Quick Pickled Peppers

5 from 3 votes

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These easy Pickled Peppers are perfect for sandwiches, salads, charcuterie boards, omelets… the list goes on and on! In just a day, you can have jars of deliciously crisp pickles to spice up your meals or share with family and friends.

large mason jar with red yellow orange and green pickled peppers

You don’t have to wait days on end for a jar of crisp, crunchy pickles. With this quick pickled peppers recipe, you can have an abundance of zingy, zesty pickles to give all of your favorite dishes an extra kick.

I’ve developed this pickling brine with a carefully selected spice profile for just the right level of heat. If you use hotter peppers, you’ll get an even hotter brine, so keep that in mind as you select your veggies for pickling.

Note: these are “quick” pickled peppers, meaning that this recipe is not suited for canning and must be kept refrigerated. 

I bet you never knew that it could be so easy to make your own pickles at home! Try your hand at these Mexican Carrots, Red Onions, and basic Home Vegetable pickling recipes for even more ways to enjoy your favorite garden veggies.

pickled cherry peppers in small bowl with jalapeno slices and banana pepper slices

INGREDIENT NOTES AND SUBSTITUTIONS 

  • Assorted Peppers – This is when I use my leftover garden vegetables of the season: banana peppers, jalapeños, pepperoncinis, or whatever else is laying around. It’s great to make a whole variety at once!
  • White Vinegar – The preferred pickling vinegar for its neutral, sharp acidity. Rice vinegar or apple cider vinegar are good alternatives, but will have a slightly different flavor. 
  • Water – We’re not pickling for an overly-long shelf life, so we’ll dilute with a bit of water.
  • Salt & Sugar – For flavor, but also for utility. Using kosher salt will keep the veggies crisp as they pickle.
  • Garlic Cloves – Smashed, not minced, to help diffuse the spicy, pungent aroma and flavor of the garlic.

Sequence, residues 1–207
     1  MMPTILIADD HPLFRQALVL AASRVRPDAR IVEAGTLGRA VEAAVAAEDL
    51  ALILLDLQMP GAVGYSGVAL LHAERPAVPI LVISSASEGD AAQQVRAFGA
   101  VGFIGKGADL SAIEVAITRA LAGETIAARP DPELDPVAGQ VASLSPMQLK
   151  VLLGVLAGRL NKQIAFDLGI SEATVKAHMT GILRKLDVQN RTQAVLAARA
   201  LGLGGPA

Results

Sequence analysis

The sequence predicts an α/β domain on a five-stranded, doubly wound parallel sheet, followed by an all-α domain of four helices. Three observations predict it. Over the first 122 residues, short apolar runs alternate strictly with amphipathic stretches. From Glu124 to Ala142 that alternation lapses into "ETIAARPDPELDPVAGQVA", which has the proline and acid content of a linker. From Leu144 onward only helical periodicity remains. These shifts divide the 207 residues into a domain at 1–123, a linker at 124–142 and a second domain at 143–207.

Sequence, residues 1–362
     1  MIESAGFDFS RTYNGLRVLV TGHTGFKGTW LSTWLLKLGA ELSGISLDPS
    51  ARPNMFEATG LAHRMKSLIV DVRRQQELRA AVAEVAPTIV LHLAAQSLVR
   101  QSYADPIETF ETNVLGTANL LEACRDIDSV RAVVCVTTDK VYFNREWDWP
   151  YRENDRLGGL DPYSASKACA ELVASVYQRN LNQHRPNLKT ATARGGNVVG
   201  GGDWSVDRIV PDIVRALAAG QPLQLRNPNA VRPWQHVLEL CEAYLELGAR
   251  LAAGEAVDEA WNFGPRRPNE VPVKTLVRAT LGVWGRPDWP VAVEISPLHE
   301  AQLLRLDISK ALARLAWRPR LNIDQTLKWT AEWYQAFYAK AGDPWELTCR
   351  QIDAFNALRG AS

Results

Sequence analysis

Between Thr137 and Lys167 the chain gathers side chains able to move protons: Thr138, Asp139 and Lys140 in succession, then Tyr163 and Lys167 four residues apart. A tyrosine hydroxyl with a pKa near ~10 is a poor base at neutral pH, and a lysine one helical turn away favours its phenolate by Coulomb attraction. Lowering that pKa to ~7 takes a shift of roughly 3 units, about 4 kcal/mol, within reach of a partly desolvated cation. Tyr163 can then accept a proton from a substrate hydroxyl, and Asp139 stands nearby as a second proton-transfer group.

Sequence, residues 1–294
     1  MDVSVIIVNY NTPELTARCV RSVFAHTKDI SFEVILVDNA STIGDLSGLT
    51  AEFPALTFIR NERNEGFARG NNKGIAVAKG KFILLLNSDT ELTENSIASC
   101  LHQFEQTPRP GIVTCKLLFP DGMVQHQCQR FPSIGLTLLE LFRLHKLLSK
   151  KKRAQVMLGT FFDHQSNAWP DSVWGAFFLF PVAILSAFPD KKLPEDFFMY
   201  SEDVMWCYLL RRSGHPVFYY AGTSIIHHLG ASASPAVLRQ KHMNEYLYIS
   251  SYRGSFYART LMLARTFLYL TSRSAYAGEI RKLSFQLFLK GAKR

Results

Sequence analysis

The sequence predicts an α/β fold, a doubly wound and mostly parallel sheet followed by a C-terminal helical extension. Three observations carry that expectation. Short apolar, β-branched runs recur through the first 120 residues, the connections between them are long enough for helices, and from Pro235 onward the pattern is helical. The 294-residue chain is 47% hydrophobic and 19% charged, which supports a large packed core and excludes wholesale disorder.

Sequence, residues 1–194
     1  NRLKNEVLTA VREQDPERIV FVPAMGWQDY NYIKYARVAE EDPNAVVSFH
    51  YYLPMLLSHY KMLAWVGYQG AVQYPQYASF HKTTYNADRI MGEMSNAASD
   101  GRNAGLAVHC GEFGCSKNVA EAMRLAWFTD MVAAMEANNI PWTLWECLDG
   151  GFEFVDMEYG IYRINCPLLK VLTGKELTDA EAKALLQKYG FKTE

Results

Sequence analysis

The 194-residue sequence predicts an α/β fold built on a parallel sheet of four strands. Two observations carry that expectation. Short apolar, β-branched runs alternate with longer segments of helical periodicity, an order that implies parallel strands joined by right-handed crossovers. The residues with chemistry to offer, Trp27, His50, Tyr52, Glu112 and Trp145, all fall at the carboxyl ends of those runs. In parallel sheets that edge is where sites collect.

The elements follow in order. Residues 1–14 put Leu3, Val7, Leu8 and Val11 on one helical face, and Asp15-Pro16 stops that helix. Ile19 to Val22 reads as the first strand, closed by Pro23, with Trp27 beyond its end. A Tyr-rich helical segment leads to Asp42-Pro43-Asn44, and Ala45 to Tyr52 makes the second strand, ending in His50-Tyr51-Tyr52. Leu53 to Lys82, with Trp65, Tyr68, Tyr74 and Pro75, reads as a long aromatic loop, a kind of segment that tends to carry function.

• Mustard Seeds – These seeds have a strong scent and even stronger taste when you bite right down on them. Instead, we’ll add them to the pickling brine to give a hint of their spicy, earthy flavor.
  • Celery Seeds – In addition to their distinct celery flavor, these seeds are bitter, with a warm and herbal heat.
  • Black Peppercorns – We’ll use 10 whole black peppercorns. If that seems a bit specific, that’s because it is! This adds just enough “fruity” spiciness that isn’t too overpowering.

HOW TO MAKE PICKLED PEPPERS

  1. Stem and Seed the Peppers.  Wear gloves before proceeding with the recipe to keep the pepper oils off of your skin, and keep your hands away from your eyes. Remove the stem from each pepper, and the seeds if you wish. Chop the chilis into ¼“ rings and transfer them to your jars.
  2. Boil the Brine.  Add all of the spices and seasonings, water, and vinegar to a small saucepan and bring to a boil. Stir regularly. Once the salt and sugar granules have dissolved, remove from heat. 
  3. Pack the Peppers.  Slowly and carefully pour the liquid into the jar with the veggies. Pack down them with a spoon, releasing any air pockets that might interfere with the pickling process.
  4. Seal, Refrigerate, and Serve. Allow them to come to room temperature, seal the jars, and refrigerate for at least 2 days before eating.
large glass jar of spicy refrigerator pickles

How long do refrigerator pickled peppers last? 

These quick pickled peppers will last in the refrigerator for up to 2 months. And because this is a refrigerated pickle, not a recipe for canning, these pickles must remain refrigerated.

What are the best peppers to pickle? 

Any pepper will pickle well, so it all comes down to your preferences and what you’ll want to use the slices for. The mild banana pepper and pepperoncini are a couple of very popular choices, but you could use jalapeños or other chilis for extra spiciness. 

Pickling is a great way to utilize garden veggies, so I recommend looking into the pepper varieties that grow well in your area and trying your hand at those.

I had an over abundant season of peppers and decided to do a medley for this batch. There’s nothing more satisfying than growing and cooking your own veggies!

How long does the pickling process take?  

For a quick refrigerator version, it takes 30 minutes to prepare the vegetables and brining liquid and at least 24 hours for the pickling process. The longer you pickle, the more the vegetables will take on the flavors of the spice blend.